If either parent has an extreme objection to a relative being at the hospital because of the issues that they have that needs to be respected, for either parent.

ginlyn32

  • Super Hero!
  • ****
  • Posts: 5664
Re: Pregnancy/birth etiquette
« Reply #20 on: March 01, 2009, 08:02:24 PM »
Oh...I have one!

*Do NOT call the MTB every.day after her due date asking "if she's had the baby yet?" When she has the baby, she'll let you know.

*If you offer to help, please HELP! Don't just show up at the MTB's door and expect to be entertained. She's tired. She's been up all night with a screaming newborn. THe least you could do is hold the baby so she can take a nap.

*New Mom's: Do NOT worry about the state of your house. If a dirty house bothers you that much, hire a maid-service to come in.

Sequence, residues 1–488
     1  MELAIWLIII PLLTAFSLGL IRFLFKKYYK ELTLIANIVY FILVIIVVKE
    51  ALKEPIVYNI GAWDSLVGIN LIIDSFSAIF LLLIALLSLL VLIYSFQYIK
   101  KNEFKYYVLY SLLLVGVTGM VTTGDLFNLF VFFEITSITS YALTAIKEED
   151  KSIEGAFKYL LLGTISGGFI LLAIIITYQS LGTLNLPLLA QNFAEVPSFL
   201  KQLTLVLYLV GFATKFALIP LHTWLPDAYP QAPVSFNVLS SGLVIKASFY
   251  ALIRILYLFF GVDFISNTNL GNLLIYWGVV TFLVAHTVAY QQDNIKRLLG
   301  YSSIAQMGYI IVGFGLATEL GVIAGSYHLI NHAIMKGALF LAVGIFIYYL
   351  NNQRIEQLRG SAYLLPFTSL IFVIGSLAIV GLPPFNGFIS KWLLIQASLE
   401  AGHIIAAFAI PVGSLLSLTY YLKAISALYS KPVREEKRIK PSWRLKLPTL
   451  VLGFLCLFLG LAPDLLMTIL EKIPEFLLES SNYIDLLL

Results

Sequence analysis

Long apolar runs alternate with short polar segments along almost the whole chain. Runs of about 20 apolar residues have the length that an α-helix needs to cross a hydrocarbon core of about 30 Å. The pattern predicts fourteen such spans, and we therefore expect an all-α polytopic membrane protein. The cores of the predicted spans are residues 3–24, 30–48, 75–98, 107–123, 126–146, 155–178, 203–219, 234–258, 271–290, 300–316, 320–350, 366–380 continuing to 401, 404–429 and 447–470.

*Never feel guilty for your birth/labor choices. What was right for you, may not be for anyone else.

ginlyn
Don't Tread On Me!!!!!

kareng57

  • Super Hero!
  • ****
  • Posts: 12334
Re: Pregnancy/birth etiquette
« Reply #21 on: March 01, 2009, 08:57:43 PM »
Oh...I have one!

*Do NOT call the MTB every.day after her due date asking "if she's had the baby yet?" When she has the baby, she'll let you know.

*If you offer to help, please HELP! Don't just show up at the MTB's door and expect to be entertained. She's tired. She's been up all night with a screaming newborn. THe least you could do is hold the baby so she can take a nap.

*New Mom's: Do NOT worry about the state of your house. If a dirty house bothers you that much, hire a maid-service to come in.

*Never feel guilty for your birth/labor choices. What was right for you, may not be for anyone else.

ginlyn

And to elaborate on that.... If you are close enough to the MTB to be discussing the delivery, and she mentions that she is planning to use/not use drugs, induce, give birth in a tub of lime jello on top of the CN Tower, keep your personal feelings to yourself. Relaying plans is not the same thing as asking for opinions.